MM: If you press people on it what do they know about it? It turns out it’s really kind of vague. It’s a paranoia that there’s somebody out there trying to get you, trying to hold you down, trying to work game on you.
AB: How did you go about bringing all of these topics – hip-hop, quantum physics, and the Illuminati – together?
MM: There’s a power outside of yourself that’s acting upon you, and this is the notion that exists in our society. Our society believes because you look outside yourself to God, that somehow the supreme power resides outside of you. Even though power lies outside themselves, it is being acted upon them. I don’t believe that. I believe that the real power exists within your own life. That’s where quantum physics comes in. The Copenhagen Interpretation basically says that every outcome exists as a probability. In every moment there’s a choice. Understanding that, it gives you the sense that every moment you have control over how you interpret that moment. What we’re clinging to right now, we’ve entered the information age, but what does that really mean? Everything is information. Quantum physics is a way of interpreting information, the Illuminati is that force that feeds information from the outside, and hip-hop is the setting I’m familiar with, and I’m interested in, and I chose to take the mindset of a producer and a DJ.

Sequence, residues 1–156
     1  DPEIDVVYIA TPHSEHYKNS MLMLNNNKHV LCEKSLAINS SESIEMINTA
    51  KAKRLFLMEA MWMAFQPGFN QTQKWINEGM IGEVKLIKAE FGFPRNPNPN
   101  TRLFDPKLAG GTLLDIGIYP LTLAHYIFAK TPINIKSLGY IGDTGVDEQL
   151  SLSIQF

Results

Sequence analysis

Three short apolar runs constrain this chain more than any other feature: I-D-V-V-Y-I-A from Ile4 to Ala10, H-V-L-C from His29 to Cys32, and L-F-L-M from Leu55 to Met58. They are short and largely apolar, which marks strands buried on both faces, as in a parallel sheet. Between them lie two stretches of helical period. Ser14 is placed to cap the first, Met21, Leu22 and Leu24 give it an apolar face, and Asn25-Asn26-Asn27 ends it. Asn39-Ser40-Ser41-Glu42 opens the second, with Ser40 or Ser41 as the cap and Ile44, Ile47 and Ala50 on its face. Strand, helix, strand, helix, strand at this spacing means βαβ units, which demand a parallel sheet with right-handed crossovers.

AB: You mentioned your familiarity with hip-hop. Another thing you’re very familiar with is San Francisco. I’m wondering, with your history there, and with the extreme detail with which you can describe certain areas, how many of the characters in Burner are based on people you’ve come across in life?
MM: They’re hybrids. The book wouldn’t have the sense of reality that it has, that I believe it has… you gotta be as close to nature as you can if you’re going to depart into realms of the invisible, and speak about things that are unseen as though they could be seen, and may very well be seen in the future.
MM: I have, but it seems vain of me to point to somebody else’s praise of the book as something that I want to put forward as an example of “this is a good reading of the book.” You have to be as indifferent to praise as you are to censure if you’re going to create art, if you’re going to really do something that involves risk, and involves a quest for truth and beauty. You can’t be looking over your shoulder and saying this person said this, this person said that.
AB: OK, even with that in mind, if someone only gets one thing out of reading Burner, what do you hope it will be?
MM: You never know what people are going to get out the book, but in terms of what I hope for them to get out of the book, the book is so multilayered that there are so many things that they can get out of it that I would be gratified by, but ultimately I would like them to enjoy a good story, a story that makes them throw back their head and say whoa.
AB: Finally, there seems to be a ton of potential for this book to become a film. Is that something you’re interested in?
MM: Yes. The book… it’s like pushing it up a hill. It’s kind of a Sisyphus move. Hopefully it won’t be a Sisyphus move and it won’t fall back down on me, but it’s definitely an uphill struggle getting the word out on the book. I’m glad you said that, though, because I think the book would be a great film because it’s so dialogue driven.